My goal is to start by writing an addin that can take highlighted text in the RStudio editor, send it to openai, and return an output that would do something useful like improving the writing for clarity, flow, and length.


I went ahead and created an R package called gptaddin. It has one working function (as of right now).


pkgdown website:

I’m sharing this in case the development process is useful for other people to make something similar for themselves.


The first function I wrote is a basic line editor. I wanted to be able to highlight text within RStudio and send it to an LLM for clarity, flow, and length suggestions.

Here’s the function:

line_editor <- function(){

  # get selected text
  selected_text <- rstudioapi::selectionGet()

  # run the api call to openai
  gpt <- openai::create_chat_completion(
    model = "gpt-3.5-turbo",
    messages = list(
        "role" = "system",
        "content" = "You are an editorial writing assistant. Your task is to edit the content you receive for improved clarity, flow, and reduced word count."
        "role" = "user",
        "content" = selected_text$value

  # print the results to the console

This function is located in R/addins.R, and it is registered as an addin in inst/rstudio/addins.dcf. The registration text looks like:

Name: line_editor
Description: openai edits text for clarity, flow, and brevity
Binding: line_editor
Interactive: false

With the package installed, I can now see line_editor() in the dropdown menu for Addins in Rstudio. When I select text and run the addin, I get edits suggested by gpt-3.5-turbo printed to the console. For example, I will take the text in this paragraph and run the addin.

“Upon installing the package, line_editor() now appears in the Addins dropdown menu in Rstudio. Selecting text and running the addin produces suggested edits from gpt-3.5-turbo, which are then printed to the console. For instance, I can utilize this addin to edit the text within this paragraph.”

This seems to work. I guess I should add a message in the console so that it looks like something is happening…Added.


The purpose of this writing aid is to take a series of point form statements and transform them into prose.

points_to_prose <- function(){

  # get selected text
  selected_text <- rstudioapi::selectionGet()

  message("Submitting query...")

  # run the api call to openai
  gpt <- openai::create_chat_completion(
    model = "gpt-3.5-turbo",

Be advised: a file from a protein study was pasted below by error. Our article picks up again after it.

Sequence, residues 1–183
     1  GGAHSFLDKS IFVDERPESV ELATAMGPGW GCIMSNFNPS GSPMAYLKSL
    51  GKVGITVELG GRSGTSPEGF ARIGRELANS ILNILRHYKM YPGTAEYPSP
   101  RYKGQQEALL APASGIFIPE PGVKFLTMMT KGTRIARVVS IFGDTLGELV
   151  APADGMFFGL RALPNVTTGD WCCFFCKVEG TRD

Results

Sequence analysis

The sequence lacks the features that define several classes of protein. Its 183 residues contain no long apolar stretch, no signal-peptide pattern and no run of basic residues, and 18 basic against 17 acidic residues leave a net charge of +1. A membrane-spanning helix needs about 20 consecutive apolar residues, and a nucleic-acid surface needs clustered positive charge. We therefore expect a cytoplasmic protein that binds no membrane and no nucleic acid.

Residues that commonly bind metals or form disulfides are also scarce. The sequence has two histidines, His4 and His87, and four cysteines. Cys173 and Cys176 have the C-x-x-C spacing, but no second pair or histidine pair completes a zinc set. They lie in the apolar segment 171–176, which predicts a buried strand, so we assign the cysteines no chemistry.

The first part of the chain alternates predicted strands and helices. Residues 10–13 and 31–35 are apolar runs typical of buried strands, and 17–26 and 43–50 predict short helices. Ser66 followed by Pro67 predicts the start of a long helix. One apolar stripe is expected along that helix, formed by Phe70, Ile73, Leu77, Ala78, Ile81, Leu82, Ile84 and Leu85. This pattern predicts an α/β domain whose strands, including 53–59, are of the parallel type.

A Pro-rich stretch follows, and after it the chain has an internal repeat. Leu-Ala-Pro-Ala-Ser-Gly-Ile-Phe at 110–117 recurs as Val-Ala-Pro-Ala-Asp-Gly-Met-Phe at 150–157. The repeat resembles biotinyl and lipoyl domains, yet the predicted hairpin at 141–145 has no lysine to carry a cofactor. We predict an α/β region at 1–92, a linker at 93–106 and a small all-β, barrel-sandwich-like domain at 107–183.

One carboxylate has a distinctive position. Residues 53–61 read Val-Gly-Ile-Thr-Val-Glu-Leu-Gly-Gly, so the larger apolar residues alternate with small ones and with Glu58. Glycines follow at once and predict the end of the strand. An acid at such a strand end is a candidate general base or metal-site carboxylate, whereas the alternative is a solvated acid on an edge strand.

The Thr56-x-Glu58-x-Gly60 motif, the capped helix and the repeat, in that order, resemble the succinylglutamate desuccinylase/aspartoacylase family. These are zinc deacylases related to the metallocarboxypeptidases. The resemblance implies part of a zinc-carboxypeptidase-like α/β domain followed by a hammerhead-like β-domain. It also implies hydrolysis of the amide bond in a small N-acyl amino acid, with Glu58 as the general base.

messages = list(
        "role" = "system",
        "content" = "You are a writing assistant. Your task is to take point form notes and convert them into longform prose. Please write in a straightforward and clear manner. The user prompt will contain point form notes."
        "role" = "user",
        "content" = selected_text$value

  # print the results to the console

Let’s test this out. Here are some point form notes:

  • Introduce the Computational cognition lab at Brooklyn College

  • Describe lab research interests, which include learning, memory, and attention

  • Elaborate with a few example questions about cognition that relate to real world issues.

The longform prose that was generated is below… It’s, well, it said a bunch of stuff I wouldn’t say. Not sure how much I would use this, could also depend on the prompt I’m using. In any case, the basic tool is there as an addin.

The Computational Cognition Lab at Brooklyn College is dedicated to conducting research on learning, memory, and attention, among other cognitive processes. To achieve its goals, the lab uses a combination of behavioral experiments, computational modeling, and brain imaging techniques. In terms of research interests, the lab focuses on the following questions:

  1. How does learning occur in real-world settings, and how can we optimize it? The lab uses virtual environments to simulate complex learning scenarios, such as learning how to navigate a new city or operate complex machinery.

  2. How do we consolidate memories over time, and how can we improve this process? The lab investigates how information is stored in long-term memory and how we can enhance memory retention through various interventions, such as sleep and mindfulness practices.

  3. How do we selectively attend to certain stimuli while filtering out others, and how can we improve this process? The lab examines how attentional processing occurs in the brain, including its neural mechanisms and its impact on real-world decision-making.

Overall, the Computational Cognition Lab at Brooklyn College seeks to contribute to our understanding of how cognitive processes work and how they can be optimized to improve everyday life. By using cutting-edge techniques and exploring real-world questions, the lab hopes to make meaningful contributions to the field of cognitive psychology and beyond.